The photographs are deceptively serene. A low stone building in a field of dry brown grass, a clearing in a forest marked by a low curb, a window with an endless view. These bucolic pictures were made in 2015 by Bruce Gendelman in what remains of the Nazi concentration camp at Auschwitz-Birkenau. His photographs and paintings are now on view in Sifting Through Ashes at the National Museum of American Jewish History (NMAJH).
Gendelman, a Florida-based photographer and painter, traveled to southern Poland and Ukraine to see the place where his relatives met their fate in the Holocaust. Later, he put his emotional meditations about the experience onto canvas.
Time has transformed Auschwitz-Birkenau into something that might have been painted by Andrew Wyeth. But from 1940 to 1945, 1.3 million people, most Jewish, were deported here, and 1.1 million of them died in ways so shocking and inhumane that 70 years have done nothing to erase the horror from the mind, if not the landscape. But because these events are rapidly moving to the precipice of living memory, today’s quiet scenes might not always engender the revulsion they should.
Gendelman is determined to not let that happen. His paintings are infused with emotions that cannot be denied. He grew up with stories of the Holocaust; his father served in World War II was a prisoner of war, and his mother’s family originated in a part of Austria-Hungary that is now Ukraine.
Had Gendelman’s maternal grandfather not defied his father at 17 and immigrated to Palestine from the small town of Bolechow, he might have suffered the fate of 1,000 of Bolechow’s 4,000 Jews. In 1941, they were rounded up, tortured, shot, and buried in a mass grave. Taniawa Forest Massacre Site (2015) depicts the forest clearing where victims are buried.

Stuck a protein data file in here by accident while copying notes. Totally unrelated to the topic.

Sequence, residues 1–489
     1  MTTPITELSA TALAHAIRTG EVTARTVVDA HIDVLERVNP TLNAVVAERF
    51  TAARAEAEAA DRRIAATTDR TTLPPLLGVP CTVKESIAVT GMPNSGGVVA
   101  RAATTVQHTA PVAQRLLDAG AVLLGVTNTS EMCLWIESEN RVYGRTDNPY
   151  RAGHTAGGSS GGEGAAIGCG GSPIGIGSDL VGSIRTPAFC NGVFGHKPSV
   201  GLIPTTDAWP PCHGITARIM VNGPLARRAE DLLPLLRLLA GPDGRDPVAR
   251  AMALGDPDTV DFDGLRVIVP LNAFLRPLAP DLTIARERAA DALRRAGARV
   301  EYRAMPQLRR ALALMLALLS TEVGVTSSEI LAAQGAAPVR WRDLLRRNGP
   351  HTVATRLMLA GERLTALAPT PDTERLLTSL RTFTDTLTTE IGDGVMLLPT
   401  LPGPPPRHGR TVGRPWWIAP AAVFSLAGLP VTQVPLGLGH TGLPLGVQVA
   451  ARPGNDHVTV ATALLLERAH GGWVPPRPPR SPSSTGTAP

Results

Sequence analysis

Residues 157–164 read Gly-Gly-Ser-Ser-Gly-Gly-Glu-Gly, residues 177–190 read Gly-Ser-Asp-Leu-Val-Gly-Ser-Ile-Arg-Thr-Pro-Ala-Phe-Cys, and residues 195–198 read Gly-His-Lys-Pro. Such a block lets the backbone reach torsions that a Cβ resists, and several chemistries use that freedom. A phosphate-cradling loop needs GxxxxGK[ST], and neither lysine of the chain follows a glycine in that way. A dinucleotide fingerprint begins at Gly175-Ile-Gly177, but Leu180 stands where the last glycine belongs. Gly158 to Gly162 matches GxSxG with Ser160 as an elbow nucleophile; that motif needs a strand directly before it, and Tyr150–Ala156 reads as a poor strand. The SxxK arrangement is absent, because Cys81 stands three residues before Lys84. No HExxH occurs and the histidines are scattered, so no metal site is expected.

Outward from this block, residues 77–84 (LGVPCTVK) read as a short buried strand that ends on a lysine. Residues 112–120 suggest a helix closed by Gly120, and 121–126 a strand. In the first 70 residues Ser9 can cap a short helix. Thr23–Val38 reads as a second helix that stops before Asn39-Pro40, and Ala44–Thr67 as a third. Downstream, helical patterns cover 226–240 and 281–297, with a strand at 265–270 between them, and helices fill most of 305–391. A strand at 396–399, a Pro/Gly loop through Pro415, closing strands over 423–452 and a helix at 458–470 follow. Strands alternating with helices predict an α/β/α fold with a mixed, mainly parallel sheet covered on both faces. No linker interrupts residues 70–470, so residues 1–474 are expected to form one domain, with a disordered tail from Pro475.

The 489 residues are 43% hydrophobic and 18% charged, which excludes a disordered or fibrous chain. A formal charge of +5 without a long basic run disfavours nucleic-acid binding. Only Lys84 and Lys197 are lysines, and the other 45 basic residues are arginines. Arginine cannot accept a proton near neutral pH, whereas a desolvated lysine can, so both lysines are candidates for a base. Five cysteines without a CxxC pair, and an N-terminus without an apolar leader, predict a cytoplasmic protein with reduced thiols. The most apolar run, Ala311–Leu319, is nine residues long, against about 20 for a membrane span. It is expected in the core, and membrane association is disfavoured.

Gendelman’s photographs depend on viewers' understanding. In Mountains of Dishware (2015), dishes and pots are stacked, a chipped and colorful monument to deportees who packed them believing they were leaving for a future in which they’d need such things. The belongings were soon confiscated, their hopes shattered.
In Portal (2015), he places us low to the ground. Focal lines converge on a black hole, an archway through which trains delivered prisoners. Without context, it might be the entrance to a stable or a farm building. Instead, it was a passage to hell.
In the paintings, Gendelman plunges us into a churning sea of fear, confusion, and despair that convulses the canvas in thick, choppy black waves. Without titles or historical knowledge of any kind, it is still obvious that something terrible is referenced in Birkenau Deathscape 1, 2, and 3 (View from the Far Wire, Road to Hell, and Sacrificial Burning, all from 2016), impressionistic works that trace a prisoner’s path.
In another series, Birkenau Barracks Memorial (2015), four huge canvasses depict chimneys, the only remnants of Auschwitz-Birkenau’s prisoner quarters. Gendelman applied paint with a trowel, the same tool inmates used in constructing the brick towers. Though more representational than the Deathscapes, the images vibrate with emotion.
Having used both media to best advantage, showing what the eye and heart see, Gendelman then offers two photographs that give us an opportunity to ponder what transpired in this place.
From the second floor of a women’s domicile, Barrack Vista (2015) looks out through a window divided into quarters by mullions. A low ceiling cuts off the view of the window, transforming the wood mullions into a crucifix. In Silent Witness to History (2015), a pair of trees dwarf the camp, which appears as just a rough edge across the landscape. Perhaps those trees were here then, a viewer might muse, thriving — like so many survivors and their descendants — despite what they witnessed.
Gendelman wants viewers to understand that something else survived the Holocaust, too. The hatred that burned so bright, turning souls to ashes, smolders still, ready to flare when conditions conspire. If that would happen, who can say which of us might be among the persecutors or persecuted?
Birkenau Bunks Diorama (2016) drives the point home. The viewer stands between two rows of rough wooden bunks that open like a maw. Stuffed into the bunks are more than 50 occupants in varying stages of distress, lives ebbing. Gendelman has given each prisoner his own face.
In an interview, Gendelman explained, “The extermination of six million of my fellow Jews by men in power in a civilized society, a society not unlike ours today, is unspeakable in its depravity. I feel compelled to convey to the best of my ability, to anyone who will listen, complicated multiple threads that brought this about… to teach young people how to critically understand the influences around them.”